ሖሠስሡሲ ዊ

ሯኾስሜራሥኾስ ራርኾ

The equation ( 5 ) is solved using the method proposed by Budak and Altintas, that is, by making the shear force harmonic and decreasing over time, from which the following expression is obtained

ሎኼሠስሡሧሥዃሆኴኳሤራሓኼሣሠሬሧሥዌኳሡሖሠስሡሥሲቘዊ

( 6)

In obtaining the non-trivial equation, the following must be met

( 7)

ሓኼሣሠሬሧሥዌኳሡሲሬ ሖሠስሡ

Expressing the complex variable asስሲዐራሬኼ. If the real part of the complex variable is positive in the termሧሥዌኳof the equation ( 7), there is an exponential term in the solution in the time domain and the trembling phenomenon grows indefinitely, on the other hand, if the real term is negative, the trembling is eliminated, and the system becomes stable. Finally, if the real part is zero, i.e.ስሲሬሹኼ, the system is critically stable, and the workpiece oscillates with a constant amplitude at a frequencyሹኼ. Bearing in mind that the vibration frequency of the re-bending is not equal to the natural frequency of the structure, because the characteristic equation of the dynamic cutting process has additional terms beyond the transfer function of the structure. However, the magnitude of the vibration frequency of the trembling remains close to that of the natural frequency of the structure9. The interest of this research focuses on the critically stable zone, so the equation ( 7 ) is rewritten as

ሬ ( 8)ሲሓኼሣዅዂቑሬሧሥዃሆኴኳቕ

ሖሠሬኼሡ

Whereሣዅዂis the highest axial cutting depth for vibration-free, chatter-free machining. Now, using Euler's complex identity and applying it to the equation ( 8 ) gives

ሬ ( 9)

ሲሓኼሣዅዂሤሬቫቷቻሠኼሜሡራሬኔቻቱቶሠኼሜሡሥዊ ሖሠሬኼሡ

This expression can be written in terms of natural frequency and damping rate, because

ሖሠስሡሲ ሲ

ዄ ሜዳዄ ዄ ( 10 )

ሦሆሔስሜራሆስራርኾቁ ቂሆሔቃሤሠሬኼሡሜራቚዄሠሬኼሡራሜሥ

3. Result and Discussion

The results obtained from three case studies are shown below, in which important parameters were varied for the turning process and the bending phenomenon for the machining of alloy steels 1020, 1035 and 1045 under the same working conditions.

Figure 2 shows the behaviour of the stability lobes when the process is exposed to variation in the damping ratio. Values were assigned to this parameter from 0.2 to 0.5 and the value of the natural rigidity and frequency of the system was kept constant. It can be seen that the material that allows the greatest depth of cut in all cases is alloy steel 1020, while alloy steel 1045 is the material that allows the lowest depth of cut. It is also important to note that the depth of cut is proportional to the rate of damping, and as it increases, the stability lobes roll to the right.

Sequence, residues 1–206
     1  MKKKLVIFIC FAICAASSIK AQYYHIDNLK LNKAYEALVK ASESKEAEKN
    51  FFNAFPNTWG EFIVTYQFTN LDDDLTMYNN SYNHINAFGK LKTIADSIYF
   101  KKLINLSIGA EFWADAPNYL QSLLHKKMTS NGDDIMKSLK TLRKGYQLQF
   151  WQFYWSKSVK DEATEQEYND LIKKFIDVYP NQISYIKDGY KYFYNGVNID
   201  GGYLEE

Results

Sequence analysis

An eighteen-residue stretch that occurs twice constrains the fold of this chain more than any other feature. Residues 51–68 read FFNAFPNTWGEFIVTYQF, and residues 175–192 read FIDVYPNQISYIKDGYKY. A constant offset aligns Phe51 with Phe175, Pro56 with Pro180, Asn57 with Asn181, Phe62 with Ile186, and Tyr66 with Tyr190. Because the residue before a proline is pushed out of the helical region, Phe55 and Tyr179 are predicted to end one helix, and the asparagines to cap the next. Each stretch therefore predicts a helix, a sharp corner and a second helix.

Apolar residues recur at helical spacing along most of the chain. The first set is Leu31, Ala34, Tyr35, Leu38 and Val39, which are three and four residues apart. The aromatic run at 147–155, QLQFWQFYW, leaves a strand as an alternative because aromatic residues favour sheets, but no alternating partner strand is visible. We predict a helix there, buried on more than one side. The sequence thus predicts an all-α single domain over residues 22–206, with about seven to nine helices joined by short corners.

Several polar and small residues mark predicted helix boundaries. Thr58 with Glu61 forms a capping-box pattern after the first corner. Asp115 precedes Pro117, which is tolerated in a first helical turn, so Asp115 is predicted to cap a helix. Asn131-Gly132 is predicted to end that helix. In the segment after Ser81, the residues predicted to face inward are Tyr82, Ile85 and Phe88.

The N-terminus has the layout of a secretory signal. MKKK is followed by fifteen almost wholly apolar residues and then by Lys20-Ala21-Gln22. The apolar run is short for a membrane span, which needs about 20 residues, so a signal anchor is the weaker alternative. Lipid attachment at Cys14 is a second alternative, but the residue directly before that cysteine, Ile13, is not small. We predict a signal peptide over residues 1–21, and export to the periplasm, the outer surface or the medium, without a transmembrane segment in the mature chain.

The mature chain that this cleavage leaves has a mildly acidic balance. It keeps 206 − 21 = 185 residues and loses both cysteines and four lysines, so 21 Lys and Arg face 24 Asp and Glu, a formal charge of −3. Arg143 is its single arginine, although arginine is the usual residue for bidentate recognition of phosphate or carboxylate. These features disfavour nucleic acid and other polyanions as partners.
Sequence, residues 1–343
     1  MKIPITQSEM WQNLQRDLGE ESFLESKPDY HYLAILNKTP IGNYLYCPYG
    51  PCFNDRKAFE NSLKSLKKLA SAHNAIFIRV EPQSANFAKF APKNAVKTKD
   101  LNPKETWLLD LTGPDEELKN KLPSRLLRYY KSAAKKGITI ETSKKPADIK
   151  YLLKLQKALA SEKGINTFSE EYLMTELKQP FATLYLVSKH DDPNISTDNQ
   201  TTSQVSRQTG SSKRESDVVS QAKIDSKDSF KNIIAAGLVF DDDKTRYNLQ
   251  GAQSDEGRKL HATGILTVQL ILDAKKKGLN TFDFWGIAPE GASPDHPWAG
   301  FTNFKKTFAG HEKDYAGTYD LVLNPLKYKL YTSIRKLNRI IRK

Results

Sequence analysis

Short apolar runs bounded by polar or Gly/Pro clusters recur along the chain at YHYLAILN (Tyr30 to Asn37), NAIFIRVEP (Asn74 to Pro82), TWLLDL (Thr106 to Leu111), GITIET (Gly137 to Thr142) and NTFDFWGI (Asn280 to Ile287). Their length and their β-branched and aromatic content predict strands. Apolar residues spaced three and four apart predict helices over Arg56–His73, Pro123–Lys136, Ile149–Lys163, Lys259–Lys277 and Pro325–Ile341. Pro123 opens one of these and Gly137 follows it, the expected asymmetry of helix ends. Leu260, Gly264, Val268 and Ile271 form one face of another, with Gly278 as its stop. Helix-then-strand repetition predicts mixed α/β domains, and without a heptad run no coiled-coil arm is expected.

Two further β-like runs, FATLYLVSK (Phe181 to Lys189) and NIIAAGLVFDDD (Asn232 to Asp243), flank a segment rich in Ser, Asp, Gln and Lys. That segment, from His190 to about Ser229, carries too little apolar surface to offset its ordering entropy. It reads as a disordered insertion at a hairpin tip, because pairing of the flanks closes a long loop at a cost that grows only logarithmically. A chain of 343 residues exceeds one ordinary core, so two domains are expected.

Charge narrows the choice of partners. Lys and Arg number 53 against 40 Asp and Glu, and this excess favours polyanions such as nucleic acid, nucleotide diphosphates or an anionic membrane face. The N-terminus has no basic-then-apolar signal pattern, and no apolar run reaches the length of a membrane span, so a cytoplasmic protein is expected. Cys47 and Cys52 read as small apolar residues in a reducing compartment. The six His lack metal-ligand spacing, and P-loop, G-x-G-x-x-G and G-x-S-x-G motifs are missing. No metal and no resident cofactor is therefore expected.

Figure 2.Stability lobes by varying the damping ratio.

3.2. Case study: variation of the natural frequency of the system

The natural frequency of the system is one of the most important factors for the analysis of the re-twisting phenomenon in the machining processes, a way to determine the influence of this on the turning process was to set the damping and stiffness constants at 0.35 and 10 kN/mm respectively, and the natural frequency of the system was varied from 400 Hz to 600 Hz. The Figure 3 shows the performance of the obtained stability lobes, it can be seen that again, alloy steel 1020 is the material that allows greater cutting depth and alloy steel 1045 is the one that presents stability with a lower chip thickness, that is, that this characteristic is inversely proportional to the constant of specific cutting force, characteristic of the material of the workpiece. The change in the natural frequency of the system results in the displacement of the stability lobes to the right, i.e. the stability peaks do not change their magnitude, but the rotation speed at which they are reached.

Figure 3.Stability lobes varying the natural frequency of the system.

3.3. Case study: variation of the stiffness ratio

One way to predict the behavior of a machine tool in a turning process is by comparing the various factors that make up the system, in this case the stiffness constant is varied from a value of 8 kN/mm to 12 kN/mm, leaving the natural frequency and damping constant fixed at 500 Hz and 0.35. In the Figure 4. Can be seen that as the stiffness increases, greater penetration of the cutting tool can be achieved, always at the same rotational speed, i.e. these two parameters are directly proportional. The material that allows for the greatest chip thickness once again is 1020 alloy steel, reaching its maximum peak between speeds of 3000 to 4000 rpm.

Figure 4.Stability lobes varying rigidity.

4. Conclusions

With the generation of the stability lobe diagrams in the turning process it can be stated that the rotational speed of the spindle and the material removal rate have a directly proportional relationship, helping to the formation of stable machining areas of larger size at high rpm and this leads to selection of higher cutting depths giving greater efficiency in machining. Otherwise, when considering low speed operations (≤ 2000 rpm), the stability lobes have what is known as the asymptotic stability limit, causing the greatest depth of cut that can be reached to become the constant value.

Achieving a dynamically stable cutting operation represents a significant decrease in the production time and therefore in the costs associated with the production process. In the cases of studies carried out in this research, a tendency was observed to increase the stability limit as the damping ratio increased and the lobes shifted slightly to the right, and it was also determined that the material that allowed the greatest depth of cut was 1020 alloy steel. Similar performance was obtained when the stiffness value of the machine tool increased, and the cutting depth was dynamically stable. On the other hand, when the natural frequency of the system increased the stability lobes shifted to the right, however, the magnitude of the stability zones did not change their value.

5. References